Golden Gate Assembly Wizard

Continuing toward our goal of making cloning painless, we're releasing a new method in our assembly wizard that many scientists have requested: Golden Gate Assembly.

We built this tool in conjunction with scientists from New England Biolabs, who offered their scientific expertise to help us formulate how the wizard should work. Stay tuned for further updates about how our partnership with NEB will create better tools for researchers.

Golden Gate uses Type IIs restriction enzymes which make 4 bp sticky ends next to their recognition sites. As long as the sticky ends can't improperly anneal, multiple fragments can combined in a single pot with high efficiency.

Selecting appropriate sticky ends by hand is a time-consuming and error-prone process. Our assembly wizard automates sticky end design and supports more complicated techniques such as including spacers between fragments and site-directed mutagenesis.

Below is a quick description of how to use the tool. For a complete description, check out our help article. As a reminder, our assembly wizard also supports cloning through Gibson and digest-and-ligate methods.

Creating a new assembly

To start using the assembly wizard, open any sequence in Benchling's editor and create a new assembly from the "Assembly Wizard" button at the bottom right.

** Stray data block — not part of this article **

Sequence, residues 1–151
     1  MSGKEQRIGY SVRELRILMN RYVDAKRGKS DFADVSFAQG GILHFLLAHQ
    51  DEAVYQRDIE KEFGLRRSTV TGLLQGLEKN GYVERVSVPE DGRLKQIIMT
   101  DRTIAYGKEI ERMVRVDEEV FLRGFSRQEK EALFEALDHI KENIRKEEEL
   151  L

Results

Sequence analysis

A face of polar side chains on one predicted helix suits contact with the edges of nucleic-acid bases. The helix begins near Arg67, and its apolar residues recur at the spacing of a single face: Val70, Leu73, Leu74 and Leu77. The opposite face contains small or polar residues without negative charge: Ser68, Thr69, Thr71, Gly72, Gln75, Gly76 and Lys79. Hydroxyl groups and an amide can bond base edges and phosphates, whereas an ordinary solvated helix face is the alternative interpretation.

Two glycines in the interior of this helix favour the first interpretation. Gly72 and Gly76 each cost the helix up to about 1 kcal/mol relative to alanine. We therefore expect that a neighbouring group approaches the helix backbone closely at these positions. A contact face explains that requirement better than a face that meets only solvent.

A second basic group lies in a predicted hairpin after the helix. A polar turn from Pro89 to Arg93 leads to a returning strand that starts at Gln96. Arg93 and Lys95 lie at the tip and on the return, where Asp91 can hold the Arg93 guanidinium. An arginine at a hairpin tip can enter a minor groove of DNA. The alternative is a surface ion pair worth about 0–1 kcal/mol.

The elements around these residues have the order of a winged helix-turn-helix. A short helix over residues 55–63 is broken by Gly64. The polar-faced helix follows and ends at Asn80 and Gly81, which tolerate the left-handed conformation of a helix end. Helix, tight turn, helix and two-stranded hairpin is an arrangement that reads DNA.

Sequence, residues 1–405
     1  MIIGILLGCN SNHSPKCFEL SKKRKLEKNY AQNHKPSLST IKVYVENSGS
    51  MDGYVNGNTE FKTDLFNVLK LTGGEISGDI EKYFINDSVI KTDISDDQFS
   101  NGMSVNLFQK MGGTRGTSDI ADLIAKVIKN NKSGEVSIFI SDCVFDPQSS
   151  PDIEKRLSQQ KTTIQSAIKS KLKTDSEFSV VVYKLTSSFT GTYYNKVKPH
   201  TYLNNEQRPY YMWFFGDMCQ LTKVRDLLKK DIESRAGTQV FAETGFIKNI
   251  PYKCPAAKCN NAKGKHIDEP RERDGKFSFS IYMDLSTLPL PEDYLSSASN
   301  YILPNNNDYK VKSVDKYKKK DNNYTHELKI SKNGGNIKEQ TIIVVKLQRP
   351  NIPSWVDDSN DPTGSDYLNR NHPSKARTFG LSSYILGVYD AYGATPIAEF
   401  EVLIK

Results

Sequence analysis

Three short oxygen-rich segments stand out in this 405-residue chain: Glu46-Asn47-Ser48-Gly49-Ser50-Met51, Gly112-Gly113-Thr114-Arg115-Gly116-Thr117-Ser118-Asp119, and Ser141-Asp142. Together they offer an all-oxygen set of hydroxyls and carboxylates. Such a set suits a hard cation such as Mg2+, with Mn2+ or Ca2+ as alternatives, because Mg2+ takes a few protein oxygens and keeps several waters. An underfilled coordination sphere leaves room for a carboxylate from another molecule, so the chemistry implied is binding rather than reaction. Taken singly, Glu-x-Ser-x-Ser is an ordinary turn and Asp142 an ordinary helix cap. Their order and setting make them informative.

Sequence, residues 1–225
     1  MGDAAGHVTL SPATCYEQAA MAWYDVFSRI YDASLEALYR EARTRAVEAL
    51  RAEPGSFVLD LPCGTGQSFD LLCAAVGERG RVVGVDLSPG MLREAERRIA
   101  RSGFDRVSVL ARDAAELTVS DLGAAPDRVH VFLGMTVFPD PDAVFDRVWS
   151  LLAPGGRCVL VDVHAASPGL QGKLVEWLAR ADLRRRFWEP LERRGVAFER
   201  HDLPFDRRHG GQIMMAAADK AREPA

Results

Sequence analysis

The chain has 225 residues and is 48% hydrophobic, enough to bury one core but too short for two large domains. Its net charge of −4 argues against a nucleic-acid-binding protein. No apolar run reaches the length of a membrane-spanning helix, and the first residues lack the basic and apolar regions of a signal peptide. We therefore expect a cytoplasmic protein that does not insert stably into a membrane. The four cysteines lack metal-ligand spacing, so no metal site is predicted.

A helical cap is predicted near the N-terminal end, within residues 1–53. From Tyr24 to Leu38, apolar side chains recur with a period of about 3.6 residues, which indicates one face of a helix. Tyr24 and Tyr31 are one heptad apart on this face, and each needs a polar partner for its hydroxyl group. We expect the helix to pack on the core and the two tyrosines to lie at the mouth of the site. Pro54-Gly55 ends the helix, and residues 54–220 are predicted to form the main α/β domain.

You can set each fragment from a pair of type IIs cut sites or from any sequence selection. In the latter case, the wizard automatically generates primers that introduce recognition sites and valid sticky ends for the selected enzymes. Add spacer sequences using the icon next to each fragment.

When you're done selecting fragments, click the Assemble button to generate the output plasmid.

Viewing and adjusting the output plasmid

The Assembly tab in the output plasmid contains information about the primers that were designed. Buttons at the top help you export the primers and print a summary for your lab notebook.

To add point mutations, simply select any bases covered by a primer on the sequence map and type to replace. The relevant primers are automatically updated to incorporate the change, and mismatches with the parent sequence are labeled. Benchling versions the sequence and primers so you can undo any edit you make.

When you're done adjusting the design, select a folder where the primers should be saved and click "Finalize" from the Assembly tab. This will fully save your plasmid and enable all of Benchling's features on it, such as sequence alignment for verification.

As always, feedback on this new feature is welcome. If you have suggestions or would like to see a new assembly technique incorporated, drop us a line at Stay tuned for further updates, such as combinatorial assembly that allows you to set a library of parts for each fragment and generate all possible combinations in a single click.

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